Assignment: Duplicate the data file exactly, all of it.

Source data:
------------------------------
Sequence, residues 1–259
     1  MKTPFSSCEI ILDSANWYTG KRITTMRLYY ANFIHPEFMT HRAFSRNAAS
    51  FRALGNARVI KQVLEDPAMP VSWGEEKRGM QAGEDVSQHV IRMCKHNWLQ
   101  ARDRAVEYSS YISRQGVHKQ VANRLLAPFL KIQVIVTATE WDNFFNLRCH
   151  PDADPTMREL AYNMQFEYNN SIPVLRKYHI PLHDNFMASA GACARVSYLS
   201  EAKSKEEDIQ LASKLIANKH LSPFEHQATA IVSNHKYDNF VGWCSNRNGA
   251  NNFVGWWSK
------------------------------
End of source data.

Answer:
Sequence, residues 1–259
     1  MKTPFSSCEI ILDSANWYTG KRITTMRLYY ANFIHPEFMT HRAFSRNAAS
    51  FRALGNARVI KQVLEDPAMP VSWGEEKRGM QAGEDVSQHV IRMCKHNWLQ
   101  ARDRAVEYSS YISRQGVHKQ VANRLLAPFL KIQVIVTATE WDNFFNLRCH
   151  PDADPTMREL AYNMQFEYNN SIPVLRKYHI PLHDNFMASA GACARVSYLS
   201  EAKSKEEDIQ LASKLIANKH LSPFEHQATA IVSNHKYDNF VGWCSNRNGA
   251  NNFVGWWSK